W3C home > Mailing lists > Public > public-html@w3.org > July 2009

Re: [whatwg] A New Way Forward for HTML5

From: Peter Kasting <pkasting@google.com>
Date: Thu, 23 Jul 2009 15:12:46 -0700
Message-ID: <d62cf1d10907231512o638f1c44gb34bbb89d5ca5c27@mail.gmail.com>
To: Manu Sporny <msporny@digitalbazaar.com>
Cc: HTMLWG WG <public-html@w3.org>, WHATWG <whatwg@lists.whatwg.org>
On Thu, Jul 23, 2009 at 2:48 PM, Manu Sporny <msporny@digitalbazaar.com>wrote:

> contribute ideas: great!
> scrutinize them: wonderful!
> form consensus: fail (but that's what the W3C is for, right?)
> produce: fail (unless we don't want to scale the community)
>
> Ian is really the only one that is actively allowed to produce anything
> of significance in WHAT WG. In general, if he doesn't agree with you, it
> doesn't go in.


It's already been stated explicitly multiple times in the past that the
HTML5 process is not ultimately consensus-driven, so this shouldn't be news
to anyone.  I for one consider that a feature, not a bug.

I think it's fair to say that one needs to have a pretty
> significant chunk of time on their hands as well as technical chops to
> make a contribution to the HTML5 specification.


Incorrect.  All sorts of people have made contributions of small
corrections, opinions on issues, spec proposals, etc.  Ian has publicly
committed to reply to every email and so far I see him doing precisely that;
frequently this results in spec changes.  When people's opinions are
ultimately rejected, it is not without due consideration first.

To approach the issue from another angle, we have roughly 1,000 members
> on this mailing list and could have close to 1 billion people[1] that
> could be using some form of HTML by 2012, a number of those are web
> developers (read: a huge developer base).
>
> The Linux kernel mailing lists have close to 30,000 members[2], and I
> don't think it's a stretch to say that there are fewer kernel developers
> in the world (read: small developer base) than there are web developers
> and designers. So, I've been wondering about the 30:1 discrepancy.


You're comparing non-analogous situations.  LKML is inherently of interest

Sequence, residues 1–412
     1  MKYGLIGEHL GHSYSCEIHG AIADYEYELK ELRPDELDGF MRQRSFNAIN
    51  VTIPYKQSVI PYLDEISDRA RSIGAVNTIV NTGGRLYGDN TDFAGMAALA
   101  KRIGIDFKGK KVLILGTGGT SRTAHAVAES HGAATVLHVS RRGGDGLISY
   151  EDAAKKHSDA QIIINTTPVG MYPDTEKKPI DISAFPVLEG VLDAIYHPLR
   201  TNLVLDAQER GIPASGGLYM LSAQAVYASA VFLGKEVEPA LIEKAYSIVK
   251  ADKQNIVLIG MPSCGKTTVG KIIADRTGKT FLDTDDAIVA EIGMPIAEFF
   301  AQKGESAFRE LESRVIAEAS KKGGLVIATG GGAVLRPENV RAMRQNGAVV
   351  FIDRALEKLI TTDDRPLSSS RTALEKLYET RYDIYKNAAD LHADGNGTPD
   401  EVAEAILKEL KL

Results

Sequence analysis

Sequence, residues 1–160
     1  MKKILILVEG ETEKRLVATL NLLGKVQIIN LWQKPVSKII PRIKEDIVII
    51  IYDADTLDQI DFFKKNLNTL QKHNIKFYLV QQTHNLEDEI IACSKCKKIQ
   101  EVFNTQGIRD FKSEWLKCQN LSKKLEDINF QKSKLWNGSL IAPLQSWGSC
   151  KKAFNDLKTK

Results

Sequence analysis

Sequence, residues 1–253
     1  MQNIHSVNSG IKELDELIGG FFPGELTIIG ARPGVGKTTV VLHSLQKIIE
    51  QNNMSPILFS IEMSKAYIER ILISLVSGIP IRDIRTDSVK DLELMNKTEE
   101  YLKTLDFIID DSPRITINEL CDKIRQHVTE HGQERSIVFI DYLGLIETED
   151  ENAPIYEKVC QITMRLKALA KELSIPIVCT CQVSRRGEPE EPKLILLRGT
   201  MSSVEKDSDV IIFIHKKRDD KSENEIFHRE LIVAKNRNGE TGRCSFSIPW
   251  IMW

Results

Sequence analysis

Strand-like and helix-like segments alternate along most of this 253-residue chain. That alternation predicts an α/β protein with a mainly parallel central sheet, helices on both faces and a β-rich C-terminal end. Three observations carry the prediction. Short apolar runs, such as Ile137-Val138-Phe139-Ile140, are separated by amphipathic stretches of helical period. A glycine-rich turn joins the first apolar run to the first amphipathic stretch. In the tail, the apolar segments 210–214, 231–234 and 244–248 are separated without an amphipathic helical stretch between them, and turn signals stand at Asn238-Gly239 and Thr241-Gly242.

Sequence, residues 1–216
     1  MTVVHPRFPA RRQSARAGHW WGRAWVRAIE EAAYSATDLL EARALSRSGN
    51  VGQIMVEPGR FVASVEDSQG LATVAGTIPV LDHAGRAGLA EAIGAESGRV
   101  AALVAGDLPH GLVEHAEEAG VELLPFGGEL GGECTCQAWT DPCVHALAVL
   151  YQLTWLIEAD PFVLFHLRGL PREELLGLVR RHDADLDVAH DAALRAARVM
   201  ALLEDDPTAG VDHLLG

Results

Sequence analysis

to all kernel developers, pretty much by definition.  The HTML spec creation
process is not inherently interesting to all web developers.

A closer analogy would be to the engineers working on HTML support in UAs.
 I suspect that this mailing list _is_ inherently of interest to that group.

We don't give anybody the impression

here that they could directly impact the specification if they so
> desired.


If people sending emails containing proposals, and having the editor
directly respond to all of those emails, frequently by changing the spec,
does not give you the impression you can impact the specification, I'm not
sure what would.

I can git clone the Linux kernel, mess around with it and submit a patch
> to any number of kernel maintainers. If that patch is rejected, I can
> still share the changes with others in the community.


Similarly, nothing prevents UA authors from coding any feature they wish and
hoping it will gain traction.  Similarly, nothing in the HTML5 process
prevents anyone from proposing a feature that has been rejected by HTML5,
and attempting to convince UA authors to support it directly.  To the degree
that these don't happen, it is because practical considerations make success
unlikely: it is much more difficult for a random web developer to convince a
vendor to support his idea in a particular UA than for a random coder to
post a patch online alongside a modified kernel build.

(However, it is not impossible: at least Firefox and Google Chrome can be
built, as non-branded versions, from source by any interested party; and in
fact that capability has been used for precisely the above purposes: see
e.g. Iceweasel.)

Similarly, people
> that are creating user agents tend to not care about examples (in
> general)


Speaking as one of those people, you are completely mistaken.  Examples are
highly useful to UA authors.  And implementation details are occasionally
useful to web developers, insofar as they document expected behaviors very
precisely and thus are useful when trying to test how real-world UA
behaviors differ.

I think the only valid point here is that web developers trying to read the
spec directly probably want the "implementation details" as a reference
rather than inline.

They should be able to edit /something/ lasting, publish it for review,
> and rise or fall on the merits and accuracy of their specification
> language. They are not being given the opportunity to do so.


Anyone can post a proposal anywhere on the web, which they themselves edit.
 If they want the imprimatur of the WHATWG, then it seems reasonably to
expect that that proposal would have to be accepted by the editor(s) of that
group.

I'm not sure why there is a perceived lack of clarity here.  Rejected
proposals are always given concrete rationale for rejection (IMO).

it
> was meant as a feeler document to see how this community would react to
> the proposed changes.


For my part, I would be very unhappy to see the HTML5 process made more
consensus-driven; I much prefer systems that approximate benevolent
dictatorships, and I don't perceive the current leadership of the group to
be insufficiently responsive to communication.

PK
Received on Thursday, 23 July 2009 22:13:26 UTC

This archive was generated by hypermail 2.3.1 : Thursday, 29 October 2015 10:15:48 UTC